Assemblymember Alejo Opposes Kettleman Hills Expansion
For Immediate Release
October 10, 2013
Contact: Marva Diaz
Assemblyman Alejo Opposes Expanding Toxic Waste Disposal in Kettleman Hills
(SACRAMENTO) —Today Assemblymember Luis Alejo (D, Salinas) called on the California Department of Toxics Control to reject the plan to expand the toxic waste disposal site near the San Joaquin Valley Community of Kettleman City. In a letter to the State Agency, Alejo voiced his concern over the failure of the State to address issues of environmental justice and the need to find alternatives to land disposal of toxic waste.
Assemblymember Alejo is the Chairman of the Assembly Environmental Safety and Toxic Materials Committee and has been active in addressing the problems of toxic chemical exposure in disadvantaged communities throughout California.
In his comments on the proposed Kettleman Hills permit Alejo said, “As the Chairman of the Assembly Environmental Safety and Toxic Materials Committee, I have a number of serious concerns regarding the California Department of Toxic Substances Control (DTSC) actions at the Kettleman Hills Hazardous Waste Facility and must oppose the proposed facility expansion. The operation of this hazardous waste landfill has both statewide importance and an immediate effect on the surrounding community. Our management of hazardous waste and how we protect our poorest members of society in rural communities reflects on all of us as a state.”
Joining Alejo in voicing opposition to the proposed facility was Ingrid Brostrom, a senior attorney with the Center on Race, Poverty & the Environment, “In an area of such high vulnerability and so may unexplained health issues, it is simply unacceptable for DTSC to issue this permit.”
The State of California is considering a permit modification to expand the Chemical Waste Management Kettleman Hills Facility landfill unit, which sits three and a half miles southwest of Kettleman City. The permit modification, if approved, will increase the amount of hazardous waste Chemical Waste Management can place at the landfill. This modification adds about 14 landfill acres and increases the capacity by approximately 5 million cubic yards. The effect of this expansion would add an estimated 4.6 billion pounds of toxic waste to this Kings County site. The deadline for public comments on the proposed permit closes on Friday, October 11, 2013.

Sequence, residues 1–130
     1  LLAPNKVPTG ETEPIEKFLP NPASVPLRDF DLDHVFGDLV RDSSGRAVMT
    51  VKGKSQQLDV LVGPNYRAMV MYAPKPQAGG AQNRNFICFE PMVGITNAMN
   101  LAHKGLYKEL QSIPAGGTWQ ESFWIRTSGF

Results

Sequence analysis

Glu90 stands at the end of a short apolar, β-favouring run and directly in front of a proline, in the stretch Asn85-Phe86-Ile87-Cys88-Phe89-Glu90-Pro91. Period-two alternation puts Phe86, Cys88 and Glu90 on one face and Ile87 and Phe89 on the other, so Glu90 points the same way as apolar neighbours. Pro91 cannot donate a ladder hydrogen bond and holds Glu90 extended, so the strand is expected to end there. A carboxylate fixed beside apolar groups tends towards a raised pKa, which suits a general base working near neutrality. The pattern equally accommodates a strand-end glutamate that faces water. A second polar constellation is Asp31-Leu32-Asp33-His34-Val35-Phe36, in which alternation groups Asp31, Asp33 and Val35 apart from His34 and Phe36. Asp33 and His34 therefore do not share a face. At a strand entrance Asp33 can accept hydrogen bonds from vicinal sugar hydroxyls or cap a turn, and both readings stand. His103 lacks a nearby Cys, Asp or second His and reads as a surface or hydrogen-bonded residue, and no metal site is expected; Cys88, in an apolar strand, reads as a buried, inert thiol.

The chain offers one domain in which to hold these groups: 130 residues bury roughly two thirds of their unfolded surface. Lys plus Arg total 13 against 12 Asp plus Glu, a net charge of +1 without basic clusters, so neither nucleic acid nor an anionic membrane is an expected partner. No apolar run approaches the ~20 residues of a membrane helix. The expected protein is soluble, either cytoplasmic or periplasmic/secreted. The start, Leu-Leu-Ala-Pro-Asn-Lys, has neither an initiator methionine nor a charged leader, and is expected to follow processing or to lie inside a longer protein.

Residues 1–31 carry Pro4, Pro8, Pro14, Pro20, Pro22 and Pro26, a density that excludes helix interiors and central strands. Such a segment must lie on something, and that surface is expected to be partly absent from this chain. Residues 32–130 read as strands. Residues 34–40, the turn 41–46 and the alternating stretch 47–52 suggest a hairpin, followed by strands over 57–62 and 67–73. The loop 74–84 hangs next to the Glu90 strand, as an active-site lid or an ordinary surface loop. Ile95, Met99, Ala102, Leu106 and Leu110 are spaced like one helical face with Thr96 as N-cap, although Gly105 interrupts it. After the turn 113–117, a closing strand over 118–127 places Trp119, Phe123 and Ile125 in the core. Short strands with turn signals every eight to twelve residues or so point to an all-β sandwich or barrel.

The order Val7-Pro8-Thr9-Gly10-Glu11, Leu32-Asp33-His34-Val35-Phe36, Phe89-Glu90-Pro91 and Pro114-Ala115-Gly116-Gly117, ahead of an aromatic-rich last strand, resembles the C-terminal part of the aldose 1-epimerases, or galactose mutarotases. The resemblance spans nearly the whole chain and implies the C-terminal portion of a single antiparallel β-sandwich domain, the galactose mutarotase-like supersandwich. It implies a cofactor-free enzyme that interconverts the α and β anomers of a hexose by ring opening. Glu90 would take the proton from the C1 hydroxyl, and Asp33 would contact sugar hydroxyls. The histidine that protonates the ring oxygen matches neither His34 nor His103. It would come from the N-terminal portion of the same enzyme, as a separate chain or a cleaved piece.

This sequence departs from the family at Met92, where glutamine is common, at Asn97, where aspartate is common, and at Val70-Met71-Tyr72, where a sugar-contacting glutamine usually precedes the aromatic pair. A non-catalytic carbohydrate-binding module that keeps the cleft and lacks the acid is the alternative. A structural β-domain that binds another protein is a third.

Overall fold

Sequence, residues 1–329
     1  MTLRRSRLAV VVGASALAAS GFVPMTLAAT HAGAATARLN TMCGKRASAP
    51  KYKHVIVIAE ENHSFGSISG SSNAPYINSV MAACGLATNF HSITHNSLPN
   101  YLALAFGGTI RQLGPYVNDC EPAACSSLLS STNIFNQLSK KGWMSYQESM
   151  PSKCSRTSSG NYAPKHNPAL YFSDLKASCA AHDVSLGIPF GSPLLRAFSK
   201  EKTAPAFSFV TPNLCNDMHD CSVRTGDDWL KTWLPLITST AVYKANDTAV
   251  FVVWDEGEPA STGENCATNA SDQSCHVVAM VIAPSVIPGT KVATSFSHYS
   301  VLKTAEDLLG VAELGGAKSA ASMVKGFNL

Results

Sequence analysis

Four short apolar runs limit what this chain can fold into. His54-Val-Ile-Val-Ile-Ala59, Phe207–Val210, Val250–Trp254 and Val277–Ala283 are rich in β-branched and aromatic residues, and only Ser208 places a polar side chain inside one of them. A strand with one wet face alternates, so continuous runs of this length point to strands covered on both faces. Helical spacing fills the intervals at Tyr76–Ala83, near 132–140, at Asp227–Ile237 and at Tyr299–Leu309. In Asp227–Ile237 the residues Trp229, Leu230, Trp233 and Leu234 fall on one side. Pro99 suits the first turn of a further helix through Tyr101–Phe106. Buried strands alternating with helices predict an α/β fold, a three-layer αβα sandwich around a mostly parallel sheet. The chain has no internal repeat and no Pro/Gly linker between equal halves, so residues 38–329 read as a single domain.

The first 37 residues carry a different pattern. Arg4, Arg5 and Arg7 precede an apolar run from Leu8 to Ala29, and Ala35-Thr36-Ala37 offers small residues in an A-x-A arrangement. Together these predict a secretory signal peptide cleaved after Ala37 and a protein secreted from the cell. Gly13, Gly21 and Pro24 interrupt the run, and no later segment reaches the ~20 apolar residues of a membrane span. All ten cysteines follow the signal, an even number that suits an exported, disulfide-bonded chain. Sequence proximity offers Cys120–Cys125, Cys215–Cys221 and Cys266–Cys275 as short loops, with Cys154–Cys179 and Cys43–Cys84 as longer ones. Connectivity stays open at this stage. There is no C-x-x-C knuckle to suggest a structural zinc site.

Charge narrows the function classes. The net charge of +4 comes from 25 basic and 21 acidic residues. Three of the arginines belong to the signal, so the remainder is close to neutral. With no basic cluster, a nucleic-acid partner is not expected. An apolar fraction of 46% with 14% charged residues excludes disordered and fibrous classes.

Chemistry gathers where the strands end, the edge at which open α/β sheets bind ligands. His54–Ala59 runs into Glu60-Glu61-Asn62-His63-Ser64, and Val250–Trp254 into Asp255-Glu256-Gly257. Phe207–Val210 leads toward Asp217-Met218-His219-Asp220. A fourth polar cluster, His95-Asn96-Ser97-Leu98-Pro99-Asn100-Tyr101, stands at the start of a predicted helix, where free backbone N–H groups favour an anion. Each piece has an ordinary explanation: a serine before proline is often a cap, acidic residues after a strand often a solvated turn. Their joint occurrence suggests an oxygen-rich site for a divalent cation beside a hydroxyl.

The key objections raised by Assemblyman Alejo included:
- The DTSC did not mitigate the potential effects on the community from the additional environmental burden on the community nor has it adequately considered the potential cumulative environmental effects on the people of Kettleman City.
- The permitting process has failed to provide a useful review or consideration of the needed state capacity for hazardous waste disposal in California. Permitting new hazardous waste facilities is not a long-term and sustainable way to protect the public and our environment.
“The people who live in Kettleman City have suffered enough and done their share since the disposal site was opened in 1975”, said Alejo.
Luis Alejo represents the 30th District in the California State Assembly, which consists of the Salinas Valley, Monterey County, San Benito County, South Santa Clara County and the city of Watsonville in Santa Cruz County.